Sunday, July 17, 2011
Sunday Night Tomfoolery (9)
Originally composed by Joe Raposo, Can You Tell Me How To Get To Sesame Street has been the theme song for Sesame Street since this start. The lyrics of the song were composed by Raposo along with John Stone and Bruce Hart. Stone felt that the song was a "a musical masterpiece and a lyrical embarrassment".
The above version was used from 1969 to 1991 - and this is the one I grew up with (being a Sesame Street viewer in the early to mid seventies). After that the melody has been rerecorded, using different beats with slightly different feels. Here is the opening theme used from 2003 - 2006.
Music has been a very important part of Sesame Street. A lot of the educational "lessons" were taught through song. The following clip teaches us about All, Some and None. It was composed again by Raposo and sung by Bip Bippadotta (who will feature later on, in one of my all time favorite Sesame Street songs).
In 1972 The Pointer Sisters recorder the following song to teach kids how to count to 12, with it debuting on Sesame Street in 1977.
And another classic counting to 10 song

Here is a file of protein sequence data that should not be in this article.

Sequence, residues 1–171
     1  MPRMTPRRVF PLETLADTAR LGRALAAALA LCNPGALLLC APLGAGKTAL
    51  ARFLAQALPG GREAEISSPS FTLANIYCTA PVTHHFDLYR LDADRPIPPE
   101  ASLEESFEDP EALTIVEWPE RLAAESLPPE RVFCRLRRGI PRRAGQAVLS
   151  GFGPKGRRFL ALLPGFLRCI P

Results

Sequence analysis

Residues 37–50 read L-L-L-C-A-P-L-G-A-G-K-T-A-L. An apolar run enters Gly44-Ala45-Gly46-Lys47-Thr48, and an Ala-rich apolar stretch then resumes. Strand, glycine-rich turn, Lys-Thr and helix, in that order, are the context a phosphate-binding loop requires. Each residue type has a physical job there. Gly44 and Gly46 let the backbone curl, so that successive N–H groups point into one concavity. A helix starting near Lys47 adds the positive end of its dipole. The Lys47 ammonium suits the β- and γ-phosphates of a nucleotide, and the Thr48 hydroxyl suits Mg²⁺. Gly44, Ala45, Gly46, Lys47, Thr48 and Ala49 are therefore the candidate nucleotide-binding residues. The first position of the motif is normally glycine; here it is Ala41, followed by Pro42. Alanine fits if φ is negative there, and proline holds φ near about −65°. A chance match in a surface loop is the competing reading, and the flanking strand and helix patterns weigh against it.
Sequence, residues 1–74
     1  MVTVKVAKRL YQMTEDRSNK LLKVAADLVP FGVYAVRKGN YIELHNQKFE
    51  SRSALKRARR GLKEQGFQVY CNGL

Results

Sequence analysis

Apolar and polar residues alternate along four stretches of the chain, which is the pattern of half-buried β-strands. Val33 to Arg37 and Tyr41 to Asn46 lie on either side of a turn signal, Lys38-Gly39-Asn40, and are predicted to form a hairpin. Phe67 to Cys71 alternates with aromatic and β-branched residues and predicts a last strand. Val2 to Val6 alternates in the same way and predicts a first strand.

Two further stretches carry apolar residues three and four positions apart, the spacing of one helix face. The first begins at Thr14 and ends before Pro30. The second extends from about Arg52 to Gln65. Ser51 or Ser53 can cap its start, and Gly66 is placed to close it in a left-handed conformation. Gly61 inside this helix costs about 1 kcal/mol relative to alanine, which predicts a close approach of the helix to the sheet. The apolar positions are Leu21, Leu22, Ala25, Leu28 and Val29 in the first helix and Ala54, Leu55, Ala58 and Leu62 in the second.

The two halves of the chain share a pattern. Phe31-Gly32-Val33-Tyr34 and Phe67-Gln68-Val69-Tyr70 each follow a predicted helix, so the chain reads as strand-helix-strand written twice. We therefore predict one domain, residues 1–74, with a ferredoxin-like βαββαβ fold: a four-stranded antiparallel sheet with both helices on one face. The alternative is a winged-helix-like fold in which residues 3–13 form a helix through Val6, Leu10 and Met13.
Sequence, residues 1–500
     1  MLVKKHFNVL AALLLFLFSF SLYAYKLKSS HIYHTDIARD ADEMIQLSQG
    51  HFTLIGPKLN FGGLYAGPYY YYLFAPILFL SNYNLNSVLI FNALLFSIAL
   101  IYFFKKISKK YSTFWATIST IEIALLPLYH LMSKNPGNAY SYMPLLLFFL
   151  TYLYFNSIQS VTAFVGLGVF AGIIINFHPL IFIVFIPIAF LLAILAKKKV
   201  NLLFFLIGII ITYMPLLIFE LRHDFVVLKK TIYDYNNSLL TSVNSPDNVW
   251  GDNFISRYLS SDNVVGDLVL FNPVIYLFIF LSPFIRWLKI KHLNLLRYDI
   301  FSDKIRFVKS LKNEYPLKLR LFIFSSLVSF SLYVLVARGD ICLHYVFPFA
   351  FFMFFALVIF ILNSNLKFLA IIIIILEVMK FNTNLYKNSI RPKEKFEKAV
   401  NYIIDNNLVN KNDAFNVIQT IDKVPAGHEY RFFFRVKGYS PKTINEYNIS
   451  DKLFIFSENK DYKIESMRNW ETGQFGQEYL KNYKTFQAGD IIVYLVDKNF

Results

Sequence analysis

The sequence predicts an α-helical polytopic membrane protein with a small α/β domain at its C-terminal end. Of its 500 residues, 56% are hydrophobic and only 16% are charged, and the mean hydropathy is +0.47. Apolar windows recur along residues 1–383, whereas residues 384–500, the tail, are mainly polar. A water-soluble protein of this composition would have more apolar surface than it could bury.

Now to a slightly more recent piece (well something beyond the mid seventies). In doing some research for tonight's blog< I found this piece, called Put Down the Duckie, first aired in 1989 and featuring Ernie and Hoots the Owl, but with a cameo list a mile long, including Paul Simon, Madeline Kahn, John Candy, Danny De Vito and about 2 dozen other well known actors and musicians. Beware, as though you will be humming Put Down the Duckie for the next week or so!
I mentioned to my wife that I was blogging about Sesame Street songs and she mentioned the next one, In My Room. I must admit I don't recall this one myself. Maybe she remembered this from when our kids were watching Sesame Street:
I do remember this one. Ernie seems to feature in a lot of songs on Sesame Street. Here is probably his most famous one, Rubber Duckie:
Back to the seventies again, and here is a semi regular segment where Bob McGrath sings about People in Your Neighbourhood. The following features a life guard and carpenter:
Now Cookie Monster assists in singing one of the "One of These Things Doesn't Belong" educational songs:
At the end of each episode of Sesame Street there were closing credits music. Often they were quite short
But every now and then you would get the long credits, going for a couple of minutes. Here are the long credits for your enjoyment:
This final one is my all time favourite, orginally composed by Piero Umiliani for an Italian film, Sweden: Heaven and Hell, Mah Na Mah Na was recorded by Bip Bippadotta and used regularly on both Sesame Street and The Mupper Show. This will lead on to next week's final topic on Sesame Street, my favorite segments.